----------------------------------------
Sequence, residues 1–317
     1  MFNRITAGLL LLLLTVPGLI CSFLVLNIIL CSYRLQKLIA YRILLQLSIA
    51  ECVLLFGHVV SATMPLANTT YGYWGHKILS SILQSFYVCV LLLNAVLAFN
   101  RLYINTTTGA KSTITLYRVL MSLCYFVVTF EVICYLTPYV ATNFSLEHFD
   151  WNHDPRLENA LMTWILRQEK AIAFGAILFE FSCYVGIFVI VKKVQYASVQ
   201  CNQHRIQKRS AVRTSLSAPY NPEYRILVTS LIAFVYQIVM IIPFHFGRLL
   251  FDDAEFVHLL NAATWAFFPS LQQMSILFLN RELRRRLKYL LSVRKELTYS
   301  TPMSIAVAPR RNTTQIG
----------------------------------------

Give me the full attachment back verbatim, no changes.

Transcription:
Sequence, residues 1–317
     1  MFNRITAGLL LLLLTVPGLI CSFLVLNIIL CSYRLQKLIA YRILLQLSIA
    51  ECVLLFGHVV SATMPLANTT YGYWGHKILS SILQSFYVCV LLLNAVLAFN
   101  RLYINTTTGA KSTITLYRVL MSLCYFVVTF EVICYLTPYV ATNFSLEHFD
   151  WNHDPRLENA LMTWILRQEK AIAFGAILFE FSCYVGIFVI VKKVQYASVQ
   201  CNQHRIQKRS AVRTSLSAPY NPEYRILVTS LIAFVYQIVM IIPFHFGRLL
   251  FDDAEFVHLL NAATWAFFPS LQQMSILFLN RELRRRLKYL LSVRKELTYS
   301  TPMSIAVAPR RNTTQIG